Book brings history of Dust Bowl to life
Bismarck I'm inspired to spread the word on a book I recently stumbled upon. "The Green Coat: A Tale From the Dust Bowl Years," (Bezalelbooks.com) brings a part of North Dakota history alive in an intriguing way while inspiring us to count our ow...
I'm inspired to spread the word on a book I recently stumbled upon. "The Green Coat: A Tale From the Dust Bowl Years," (Bezalelbooks.com) brings a part of North Dakota history alive in an intriguing way while inspiring us to count our own blessings.
Rosemary McDunn is a middle-school teacher in Michigan. Her novel, which is being taught in English and social studies classes, is actually a biographical tale of her own mother's life during the 1930s in the Fargo area. It is a moving story of a young brother and sister experiencing hardship and separation from their parents as they struggle to survive an extreme period in our history - the worst ecological disaster of all times.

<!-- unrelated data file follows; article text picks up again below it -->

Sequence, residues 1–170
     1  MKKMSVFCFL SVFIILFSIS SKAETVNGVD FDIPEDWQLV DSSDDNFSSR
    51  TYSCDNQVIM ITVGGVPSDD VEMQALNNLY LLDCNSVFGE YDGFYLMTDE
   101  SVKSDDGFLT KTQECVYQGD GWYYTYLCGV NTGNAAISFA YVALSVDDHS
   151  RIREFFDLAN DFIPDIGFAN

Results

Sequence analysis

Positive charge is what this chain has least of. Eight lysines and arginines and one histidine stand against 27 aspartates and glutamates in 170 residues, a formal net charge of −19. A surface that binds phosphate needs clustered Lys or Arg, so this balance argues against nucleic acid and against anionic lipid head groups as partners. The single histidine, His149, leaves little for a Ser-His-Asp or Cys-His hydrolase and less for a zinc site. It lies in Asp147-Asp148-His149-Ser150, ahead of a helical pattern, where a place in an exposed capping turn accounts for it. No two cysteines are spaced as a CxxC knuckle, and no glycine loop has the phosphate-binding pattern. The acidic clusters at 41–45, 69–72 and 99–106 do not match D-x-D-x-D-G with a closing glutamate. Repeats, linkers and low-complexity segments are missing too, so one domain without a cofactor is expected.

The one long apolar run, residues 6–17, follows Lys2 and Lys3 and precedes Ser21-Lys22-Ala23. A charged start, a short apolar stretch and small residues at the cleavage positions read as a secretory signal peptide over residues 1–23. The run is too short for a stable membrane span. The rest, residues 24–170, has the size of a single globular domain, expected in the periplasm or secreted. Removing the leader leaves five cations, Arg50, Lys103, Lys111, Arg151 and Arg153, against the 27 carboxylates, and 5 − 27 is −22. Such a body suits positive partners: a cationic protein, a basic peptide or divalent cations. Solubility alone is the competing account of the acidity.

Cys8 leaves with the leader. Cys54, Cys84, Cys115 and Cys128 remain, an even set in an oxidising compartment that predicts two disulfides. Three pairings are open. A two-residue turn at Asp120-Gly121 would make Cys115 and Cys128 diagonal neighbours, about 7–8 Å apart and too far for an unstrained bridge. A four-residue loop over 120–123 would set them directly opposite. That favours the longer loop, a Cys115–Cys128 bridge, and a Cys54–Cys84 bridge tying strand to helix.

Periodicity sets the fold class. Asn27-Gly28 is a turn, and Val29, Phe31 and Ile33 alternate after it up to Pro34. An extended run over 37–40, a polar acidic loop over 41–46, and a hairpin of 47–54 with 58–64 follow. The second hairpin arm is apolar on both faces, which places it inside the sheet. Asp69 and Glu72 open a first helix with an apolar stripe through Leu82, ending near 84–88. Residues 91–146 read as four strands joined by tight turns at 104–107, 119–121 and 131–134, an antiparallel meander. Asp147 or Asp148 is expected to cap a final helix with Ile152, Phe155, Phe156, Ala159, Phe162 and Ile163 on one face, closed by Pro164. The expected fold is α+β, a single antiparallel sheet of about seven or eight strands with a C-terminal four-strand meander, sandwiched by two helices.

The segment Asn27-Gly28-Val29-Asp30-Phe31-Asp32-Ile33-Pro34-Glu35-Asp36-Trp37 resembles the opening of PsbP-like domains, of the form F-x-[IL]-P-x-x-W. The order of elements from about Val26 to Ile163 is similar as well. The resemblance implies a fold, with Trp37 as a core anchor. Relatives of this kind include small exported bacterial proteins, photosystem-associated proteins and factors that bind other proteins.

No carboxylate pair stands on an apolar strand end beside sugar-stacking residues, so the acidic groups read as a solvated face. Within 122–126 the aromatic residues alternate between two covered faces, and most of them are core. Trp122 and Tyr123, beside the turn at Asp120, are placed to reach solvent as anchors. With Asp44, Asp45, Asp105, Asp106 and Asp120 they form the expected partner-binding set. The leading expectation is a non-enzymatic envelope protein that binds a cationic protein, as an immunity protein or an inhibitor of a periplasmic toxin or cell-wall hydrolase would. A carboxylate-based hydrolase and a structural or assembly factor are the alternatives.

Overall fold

A couple of years ago, I met a woman in a Bismarck nursing home with stories of her own to tell of trying to raise young children during these dusty, trying times. She told of the impossibility of escaping the dirt that blew into every nook and cranny of their lives. Even meals were inevitably mixed with the crunching of dirt between their teeth. Drought combined with overworking the land and high winds swept away topsoil and literally took people's breath away, sometimes to the point of death through dust pneumonia.
The woman I met inspired me to investigate that part of our history. I was in awe at the decade-long revolt of Mother Nature that so many survived here. This message from our past is especially relevant today as so many of us worry about the economy and other hardships.
My kids also loved this book, so parents who like to tell their kids to eat their vegetables because there are starving kids in the world will love such an opportunity to encourage feelings of gratitude. By comparison, our lives are so much easier.